Here's the flip side: when you have a little too much help, you do more harm then good. Two examples: (1) small business subsidies don't work and (2) "incubators" suck.
You can see evidence of #1 in a lot of Europe. It's not that they don't want start-ups, but they have gone about seeding them in a bass-ackwards way. Money given away to small biz is money thrown away. They haven't figured out the incentives yet in any real way.
For #2, look at the incubator craze in silicon valley in 99/00. Granted there was a lot of air in a very big bubble, but my pet theory is that incubators made it far *too* easy for companies to start-up, and as a result otherwise good, capable companies tanked.
The reason: it just wasn't painful. And without pain, there is no resourcefulness. And without resourcefulness, there is no growth. I remember going to a meeting with a semi-competitive company back in 2000 that was being "incubated" and seeing all of the aeron chairs and the foosball table(s) and thinking "these guys are screwed." And in fact they were. . . Meanwhile, we were eating top ramen and had 9 people working out of a $1500 a month apartment in the mission (where 3 of us were also living). Now we're not microsoft yet, but we have certainly outlasted those other punks :)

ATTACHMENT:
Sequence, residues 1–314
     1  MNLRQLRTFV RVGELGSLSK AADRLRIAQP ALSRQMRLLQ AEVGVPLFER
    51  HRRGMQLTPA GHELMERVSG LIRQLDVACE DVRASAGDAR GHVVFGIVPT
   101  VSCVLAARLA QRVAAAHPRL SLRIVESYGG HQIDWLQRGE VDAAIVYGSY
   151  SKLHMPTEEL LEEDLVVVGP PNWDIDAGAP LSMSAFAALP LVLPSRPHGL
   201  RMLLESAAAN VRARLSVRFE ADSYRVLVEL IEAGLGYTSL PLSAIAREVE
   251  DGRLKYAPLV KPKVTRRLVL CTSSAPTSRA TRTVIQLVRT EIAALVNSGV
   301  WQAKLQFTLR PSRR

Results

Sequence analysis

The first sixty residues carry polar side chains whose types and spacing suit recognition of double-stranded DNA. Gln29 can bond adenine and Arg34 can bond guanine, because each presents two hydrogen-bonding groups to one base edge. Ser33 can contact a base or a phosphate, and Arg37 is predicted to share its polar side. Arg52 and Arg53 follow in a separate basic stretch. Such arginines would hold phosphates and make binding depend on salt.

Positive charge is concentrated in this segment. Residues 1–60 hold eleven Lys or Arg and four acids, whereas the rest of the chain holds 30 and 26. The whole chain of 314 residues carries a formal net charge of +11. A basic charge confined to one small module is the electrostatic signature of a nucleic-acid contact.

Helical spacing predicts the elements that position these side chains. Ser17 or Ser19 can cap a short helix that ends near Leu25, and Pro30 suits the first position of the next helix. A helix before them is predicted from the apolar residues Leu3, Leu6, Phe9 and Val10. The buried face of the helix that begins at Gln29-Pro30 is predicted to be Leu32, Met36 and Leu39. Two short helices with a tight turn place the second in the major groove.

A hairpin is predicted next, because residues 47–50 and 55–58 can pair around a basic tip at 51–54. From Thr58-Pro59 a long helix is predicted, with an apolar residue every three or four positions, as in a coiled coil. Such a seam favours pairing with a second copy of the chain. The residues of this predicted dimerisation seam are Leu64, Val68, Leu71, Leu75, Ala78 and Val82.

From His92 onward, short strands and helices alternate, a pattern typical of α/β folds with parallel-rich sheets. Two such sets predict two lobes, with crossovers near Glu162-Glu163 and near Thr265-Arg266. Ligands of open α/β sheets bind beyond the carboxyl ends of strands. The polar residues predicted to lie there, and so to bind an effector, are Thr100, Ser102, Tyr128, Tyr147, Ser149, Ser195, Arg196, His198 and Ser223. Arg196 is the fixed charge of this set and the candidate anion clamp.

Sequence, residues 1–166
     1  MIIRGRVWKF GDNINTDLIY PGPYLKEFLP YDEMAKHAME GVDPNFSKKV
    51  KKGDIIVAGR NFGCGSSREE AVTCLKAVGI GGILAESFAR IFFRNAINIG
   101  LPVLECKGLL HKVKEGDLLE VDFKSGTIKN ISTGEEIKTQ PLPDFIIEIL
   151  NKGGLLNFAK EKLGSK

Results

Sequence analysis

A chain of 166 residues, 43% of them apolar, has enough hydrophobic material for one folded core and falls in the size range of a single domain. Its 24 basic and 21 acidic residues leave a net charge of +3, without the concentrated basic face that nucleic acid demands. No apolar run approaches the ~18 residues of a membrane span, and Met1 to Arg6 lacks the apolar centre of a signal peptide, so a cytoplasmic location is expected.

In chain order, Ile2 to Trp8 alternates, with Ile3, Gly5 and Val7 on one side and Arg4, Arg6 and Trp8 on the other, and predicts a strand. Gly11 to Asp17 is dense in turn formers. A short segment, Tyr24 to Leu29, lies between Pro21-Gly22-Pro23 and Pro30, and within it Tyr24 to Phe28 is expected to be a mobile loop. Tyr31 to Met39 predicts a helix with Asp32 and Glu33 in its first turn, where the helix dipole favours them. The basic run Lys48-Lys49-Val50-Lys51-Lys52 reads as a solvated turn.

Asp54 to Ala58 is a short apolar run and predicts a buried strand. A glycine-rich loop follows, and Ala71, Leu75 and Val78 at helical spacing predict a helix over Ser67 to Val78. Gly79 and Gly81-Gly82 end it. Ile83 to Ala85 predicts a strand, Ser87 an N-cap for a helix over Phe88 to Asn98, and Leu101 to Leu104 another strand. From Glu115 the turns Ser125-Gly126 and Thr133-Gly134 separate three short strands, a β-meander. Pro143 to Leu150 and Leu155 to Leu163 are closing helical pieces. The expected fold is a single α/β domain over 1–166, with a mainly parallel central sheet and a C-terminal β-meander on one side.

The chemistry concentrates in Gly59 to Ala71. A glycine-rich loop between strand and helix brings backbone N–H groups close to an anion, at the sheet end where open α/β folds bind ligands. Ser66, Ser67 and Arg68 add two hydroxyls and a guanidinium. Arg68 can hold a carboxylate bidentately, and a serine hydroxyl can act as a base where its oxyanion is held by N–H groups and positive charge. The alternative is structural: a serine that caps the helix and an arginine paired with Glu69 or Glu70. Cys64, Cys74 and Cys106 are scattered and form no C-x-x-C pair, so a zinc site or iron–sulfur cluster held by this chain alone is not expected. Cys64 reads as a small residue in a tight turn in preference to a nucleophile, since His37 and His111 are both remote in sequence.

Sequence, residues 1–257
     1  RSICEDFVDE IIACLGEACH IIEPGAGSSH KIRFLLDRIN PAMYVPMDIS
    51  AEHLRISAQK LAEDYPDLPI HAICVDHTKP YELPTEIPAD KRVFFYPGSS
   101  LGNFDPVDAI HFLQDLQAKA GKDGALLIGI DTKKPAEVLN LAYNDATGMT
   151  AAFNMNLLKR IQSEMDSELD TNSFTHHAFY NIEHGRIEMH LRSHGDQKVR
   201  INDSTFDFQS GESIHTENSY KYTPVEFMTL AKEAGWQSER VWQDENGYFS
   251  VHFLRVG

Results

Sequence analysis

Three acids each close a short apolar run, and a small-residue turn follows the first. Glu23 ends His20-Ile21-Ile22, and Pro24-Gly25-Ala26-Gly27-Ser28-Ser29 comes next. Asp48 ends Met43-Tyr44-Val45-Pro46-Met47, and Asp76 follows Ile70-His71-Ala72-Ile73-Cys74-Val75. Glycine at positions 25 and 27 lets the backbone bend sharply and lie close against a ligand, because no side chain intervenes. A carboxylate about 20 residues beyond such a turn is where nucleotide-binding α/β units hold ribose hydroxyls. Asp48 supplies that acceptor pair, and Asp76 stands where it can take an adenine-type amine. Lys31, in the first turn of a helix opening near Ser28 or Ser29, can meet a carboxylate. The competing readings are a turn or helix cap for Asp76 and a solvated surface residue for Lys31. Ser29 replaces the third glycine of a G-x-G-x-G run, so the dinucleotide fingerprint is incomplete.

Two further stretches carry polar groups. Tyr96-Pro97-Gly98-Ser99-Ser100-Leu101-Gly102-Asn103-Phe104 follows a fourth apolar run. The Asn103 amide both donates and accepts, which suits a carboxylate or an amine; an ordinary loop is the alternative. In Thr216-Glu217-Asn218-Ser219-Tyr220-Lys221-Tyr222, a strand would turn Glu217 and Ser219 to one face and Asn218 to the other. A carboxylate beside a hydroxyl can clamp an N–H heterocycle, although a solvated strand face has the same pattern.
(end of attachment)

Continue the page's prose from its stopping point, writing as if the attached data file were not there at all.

There is little question that John and Clickability have done a great job of making it through the nuclear winter that was the early 2000s and building a meaningful and growing business while many of their competitors, incubated or otherwise, have disappeared. But I have a different theory about incubators.
It isn't necessarily a problem that incubators make things too easy for startups. The problem is that they don't promote true independence. It is one thing when an incubator provides fungible services (accounting, HR, etc.) to its companies. It is another thing altogether to provide help with core functions like strategy, business development, engineering and the like. These are critical skills that each startup requires, independent of the incubator. Yet, often times, those areas are supplemented by resident executives from the incubator. Sure, those execs may do a great job in the roles, but they will not be members of the permanent team and are therefore doing a disservice to their incubated companies by playing any core role whatsoever. When it comes time for the baby bird to leave its incubator nest, it won't actually know how to flap its own wings and, rather than soar, will fall like a rock.
Regardless of what are the true failings of incubators, I ultimately completely agree with John. Traditional incubators and economic grants can do more harm than good to a startup culture when there is not already a well-engrained and robust entrepreneurial ecosystem upon which these startups may grow and thrive.